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If your Australian family member or friend has died in Japan, please contact the person's insurance company.
For family and friends, the death of a loved one in any circumstance causes immense feelings of loss and sorrow. Where the death occurs overseas, there can often be additional complications in organising the funeral, repatriation and other arrangements.
The Smartraveller Death Overseas page explains what to expect, and the role of Australian missions overseas when an Australian dies. If you are an Australian in Japan requiring grief counselling, refer to our Mental Health and Counselling Services page.
There is no Japanese law limiting the time in which a body must be interred, but the scarcity and expense of refrigerated storage facilities dictate that the disposition of remains be completed as quickly as possible. Many police stations have no refrigerated storage and hospital facilities are usually very limited. Next of kin of the deceased should promptly appoint a local funeral home. Many police stations and hospitals have a list of local organisations and, in the absence of direction from next of kin, will transfer the body into the care of a local funeral home for appropriate storage. Lack of immediate access to funds to pay for transportation and cold storage could lead to the unilateral disposition of remains as a public health hazard by the local authorities. Final arrangements for disposition would normally need to be made a maximum of one week after death.
Japanese law requires that at least 24 hours pass from the time of death until cremation or embalming may begin. Embalming or cremation may take several days depending on the location of the remains and the schedule of the mortuary company and/or police station.
There are no Japanese laws, national or local, governing the exportation of human remains. A casket containing a body or human ashes is treated as ordinary freight. Shipping companies, however, usually require that the body be placed in a metal lined casket. We recommend that next of kin of the deceased consult with their funeral director to determine the advisability of viewing the remains.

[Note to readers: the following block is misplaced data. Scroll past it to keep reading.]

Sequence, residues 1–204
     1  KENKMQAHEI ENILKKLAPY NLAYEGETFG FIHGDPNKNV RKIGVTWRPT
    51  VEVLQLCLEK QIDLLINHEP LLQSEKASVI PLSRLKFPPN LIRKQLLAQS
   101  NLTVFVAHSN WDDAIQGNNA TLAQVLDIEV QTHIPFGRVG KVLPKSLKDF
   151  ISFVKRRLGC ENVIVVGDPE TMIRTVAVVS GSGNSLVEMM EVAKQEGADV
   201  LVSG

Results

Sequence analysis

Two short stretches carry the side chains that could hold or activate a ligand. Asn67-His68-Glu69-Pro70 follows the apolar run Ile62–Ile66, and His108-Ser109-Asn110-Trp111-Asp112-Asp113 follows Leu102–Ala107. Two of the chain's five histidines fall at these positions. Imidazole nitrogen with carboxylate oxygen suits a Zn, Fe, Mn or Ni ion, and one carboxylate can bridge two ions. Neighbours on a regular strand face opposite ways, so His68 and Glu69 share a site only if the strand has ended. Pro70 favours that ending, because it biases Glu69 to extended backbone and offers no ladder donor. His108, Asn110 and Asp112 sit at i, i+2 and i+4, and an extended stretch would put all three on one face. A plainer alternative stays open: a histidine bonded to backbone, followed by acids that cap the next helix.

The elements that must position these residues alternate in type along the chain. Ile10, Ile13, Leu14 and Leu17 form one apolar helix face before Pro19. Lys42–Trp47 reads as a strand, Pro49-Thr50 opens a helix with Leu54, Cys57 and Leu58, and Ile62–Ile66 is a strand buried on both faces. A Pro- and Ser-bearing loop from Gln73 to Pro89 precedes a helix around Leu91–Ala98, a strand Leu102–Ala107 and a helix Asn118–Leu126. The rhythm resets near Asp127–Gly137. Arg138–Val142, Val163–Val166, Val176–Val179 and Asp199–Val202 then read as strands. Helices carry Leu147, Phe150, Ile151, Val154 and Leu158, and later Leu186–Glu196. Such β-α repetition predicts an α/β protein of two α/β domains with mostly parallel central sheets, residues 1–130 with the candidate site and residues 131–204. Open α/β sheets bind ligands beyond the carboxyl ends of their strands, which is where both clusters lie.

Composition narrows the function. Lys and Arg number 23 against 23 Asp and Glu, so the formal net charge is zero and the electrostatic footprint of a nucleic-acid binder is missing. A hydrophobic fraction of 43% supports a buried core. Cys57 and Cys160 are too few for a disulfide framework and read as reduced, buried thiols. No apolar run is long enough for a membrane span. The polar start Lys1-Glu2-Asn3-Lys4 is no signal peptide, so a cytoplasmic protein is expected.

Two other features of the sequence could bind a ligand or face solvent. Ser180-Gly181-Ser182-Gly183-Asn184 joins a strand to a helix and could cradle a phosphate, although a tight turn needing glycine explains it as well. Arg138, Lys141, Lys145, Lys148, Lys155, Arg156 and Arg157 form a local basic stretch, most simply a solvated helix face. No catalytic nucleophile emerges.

Japanese cremation procedures do not result in the same sized fine ash as it does in Australia, but in somewhat larger-sized pieces of bone. For an additional charge, bone can be processed into fine bone powder.
Autopsy and post mortem examinations are generally conducted only where there is evidence of violent death, there is reason to suspect foul play, or the cause of death is unknown.
There are three types of autopsies:
1) Judicial autopsy (for criminal investigation purpose by court order)
2) Administrative autopsy (no crimes are involved, but the cause of death is unknown)
3) Pathological autopsy or autopsy by consent (at the request of the family)
Invasive autopsies are not common in Japan when someone died of medical or natural cause. Only when death occurred under unusual circumstances, for example, if someone died in a hotel or the police are involved to determine whether there was foul play involved or not. In the event of suicide or accidental death, there is generally no official requirement for an autopsy as part of the police investigation. If next of kin wish to request an autopsy (category three above) or other investigation into the cause of death they should appoint a private legal representative in Japan to make arrangements on their behalf. A funeral home may also be able to assist.
Airhearse International, Inc.
Telephone: +81 3 6459 9509
Funeral Support Services Co. Ltd.
Telephone: +81 45 392 7232
Emergency number : +81 9098507694
Maruki Memorial Twenty One Co., Ltd
Telephone: +81 3 5246 5521
Santoku Funeral Parlor Co., Ltd
Telephone: +81 3 3551 2047
Costs for disposition options will vary depending on where the remains must be transported from, the quality of casket, the size and condition of the remains, and other consideration such as religious ceremonies, etc. You should seek quotes directly from a funeral director in Australia and Japan. Costs listed below are estimates that are subject to change:
Embalmment and return of remains to Australia: JPY 1,500,000
Cremation in Japan, return of ashes to Australia: JPY 700,000
Cremation and disposition of ashes in Japan: JPY 3,000,000
No estimates are available for local burial in Japan as this is uncommon due to scarcity of space; cremation in Japan is the norm.
There are no permit requirements for the importation of human ashes into Australia. To ensure Australian quarantine requirements are met, the container used to hold the ashes should be free from contaminants such as soil, and not be made of wood. If you are carrying human ashes when travelling to Australia, you must declare the human ashes to Agriculture Biosecurity on arrival in Australia. It is also advisable to contact the airline or shipping company in advance as these organisations may have additional requirements.